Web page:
Indians at Work provides an historical background to native labour in BC from the Gold Rush to the beginning of the Great Depression. It counters the common misconception that native people responded to European settlement and industrial development by retreating to a reserve existence. Evidence amassed from logging, transport, construction, longshoring, commercial fishing and canning, and a host of other industries shows that native Indians played a significant role in British Columbia's economy from the moment the first European explorers appeared off the coast.
About the author
Rolf Knight was born in 1936, and grew up in Vancouver and in the resource workers' camps of the British Columbia coast, where he worked until the late 1950s.
After earning a BA and MA from the University of British Columbia, he travelled for some years before getting his PhD from Columbia University in New York in 1968. He returned to Canada and taught at the University of Manitoba, Simon Fraser University, and the University of Toronto, until leaving academia for good in 1977, supporting his writing as a labourer, driving taxi and handling baggage at the Vancouver International Airport.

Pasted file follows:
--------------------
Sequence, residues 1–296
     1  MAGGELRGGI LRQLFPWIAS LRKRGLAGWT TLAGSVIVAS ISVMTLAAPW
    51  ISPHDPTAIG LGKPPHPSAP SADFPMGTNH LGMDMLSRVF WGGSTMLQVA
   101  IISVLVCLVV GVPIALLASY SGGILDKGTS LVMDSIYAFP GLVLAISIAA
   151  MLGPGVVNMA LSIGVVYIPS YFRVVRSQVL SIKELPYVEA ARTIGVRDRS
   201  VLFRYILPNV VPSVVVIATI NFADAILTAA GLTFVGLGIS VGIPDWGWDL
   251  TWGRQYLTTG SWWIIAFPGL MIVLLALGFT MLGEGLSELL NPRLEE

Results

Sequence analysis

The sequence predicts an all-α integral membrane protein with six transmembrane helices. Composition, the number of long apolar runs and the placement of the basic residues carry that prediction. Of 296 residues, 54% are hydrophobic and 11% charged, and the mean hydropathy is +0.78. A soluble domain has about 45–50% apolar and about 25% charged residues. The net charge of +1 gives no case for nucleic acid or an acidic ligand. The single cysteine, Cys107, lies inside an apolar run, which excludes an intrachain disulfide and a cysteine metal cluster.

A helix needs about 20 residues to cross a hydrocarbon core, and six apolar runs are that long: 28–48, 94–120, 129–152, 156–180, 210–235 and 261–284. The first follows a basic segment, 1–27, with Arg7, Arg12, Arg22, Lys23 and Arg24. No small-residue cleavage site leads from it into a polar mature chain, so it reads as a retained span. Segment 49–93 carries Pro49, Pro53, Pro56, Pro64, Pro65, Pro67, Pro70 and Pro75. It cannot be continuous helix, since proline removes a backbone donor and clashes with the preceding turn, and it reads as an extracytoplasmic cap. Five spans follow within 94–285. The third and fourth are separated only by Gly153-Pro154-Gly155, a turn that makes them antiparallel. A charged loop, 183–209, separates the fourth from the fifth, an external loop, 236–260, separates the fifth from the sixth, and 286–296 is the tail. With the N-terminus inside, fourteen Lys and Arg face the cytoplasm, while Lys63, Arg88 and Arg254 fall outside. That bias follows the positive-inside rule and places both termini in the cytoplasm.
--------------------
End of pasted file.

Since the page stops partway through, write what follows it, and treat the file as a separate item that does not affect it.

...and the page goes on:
Rolf Knight is the author of numerous important books about BC history, including A Very Ordinary Life (with Phyllis Knight) (1974), A Man of Our Times (with Maya Koizumi) (1976), Indians at Work (1978; reissued 1996), Along the No. 20 Line (1980; reissued 2011> and Homer Stevens: A Life In Fishing (1992). In 1992 he received the Canadian Historical Association's award for his contributions to regional history. He lives in Burnaby, BC.